2022’s Witch Hat Atelier, Volume 11 is the eleventh tankōbon of Kamome Shirahama’s Witch Hat Atelier fantasy manga series. Witch Hat Atelier (Tongari Bōshi no Atelier in the original Japanese) has been serialized in Kodansha’s Monthly Morning Two magazine since July 2016. The English translation of Volume 11 first appeared in 2023.
Having been convinced to demonstrate some wonderous new spell in an upcoming procession, Coco encounters a foe too formidable even for her: spellcaster’s block.
It is not enough to resolve to invent some wondrous new magical application. One must actually invent the application. Coco finds the task so important yet so difficult that she spirals into panic and despair.
Fellow student Agott, with whom Coco has never been friends, charitably steps in with advice that breaks Coco out of her doom loop. Past conflict (Agott was unpleasant to Coco when Coco first arrived at the Atelier) is forgotten.
Coco invents a cunning new water purification method. She’s ready to go — or so she thinks. But she soon realizes that she has a new problem: it’s not enough to invent something that’s socially beneficial. Potential customers need to see what the product can do for them. Coco’s idea is a good starting point, but it requires a tweak from Agott to make Coco’s innovation marketable.
So far the story is heartwarming … which makes the magical catastrophe that ends the volume something of a mood-killer.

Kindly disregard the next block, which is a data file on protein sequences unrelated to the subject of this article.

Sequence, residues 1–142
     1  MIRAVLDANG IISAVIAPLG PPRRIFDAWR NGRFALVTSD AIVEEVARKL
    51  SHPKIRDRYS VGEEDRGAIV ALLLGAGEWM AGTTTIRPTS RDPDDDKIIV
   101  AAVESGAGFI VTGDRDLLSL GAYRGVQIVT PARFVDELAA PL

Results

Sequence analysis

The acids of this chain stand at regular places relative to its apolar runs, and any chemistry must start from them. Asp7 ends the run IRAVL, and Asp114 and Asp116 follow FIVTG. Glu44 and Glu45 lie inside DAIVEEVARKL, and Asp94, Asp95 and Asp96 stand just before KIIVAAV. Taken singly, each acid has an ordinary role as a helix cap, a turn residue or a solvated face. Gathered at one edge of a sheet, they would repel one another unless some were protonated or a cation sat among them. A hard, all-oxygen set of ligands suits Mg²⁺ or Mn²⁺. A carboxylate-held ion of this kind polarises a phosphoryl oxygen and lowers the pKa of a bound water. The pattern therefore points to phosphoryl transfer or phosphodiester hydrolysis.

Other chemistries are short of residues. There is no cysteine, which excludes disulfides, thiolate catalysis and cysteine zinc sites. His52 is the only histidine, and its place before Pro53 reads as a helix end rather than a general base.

The art on this still amazes me. I really should track down Kamome Shirahama’s other work.
One of the main themes of the manga so far is that the witches are determined to regulate magic, which can get out of hand without some oversight. (Coco knows this all too well, as she killed her own mother in the first volume of the manga, when she was first exploring magic.) Of course, the regulations can be enforced draconically (with nasty consequences) as Coco also knows all too well. Given this setting, I found myself wondering why witches would encourage the development of commercially viable magical products, as they do in this volume. Surely those products can get out of hand?
On the whole this is a comparatively quiet volume. No horrifying body-warping magic1, just writer’s block. No big fights, just students learning to be better friends. Presumably, this is to better contrast with Volume 12, which promises calamity on a vast scale.
1: No body-warping magic in this volume. But there are hints that it’s going to be a big deal in Volume 12.…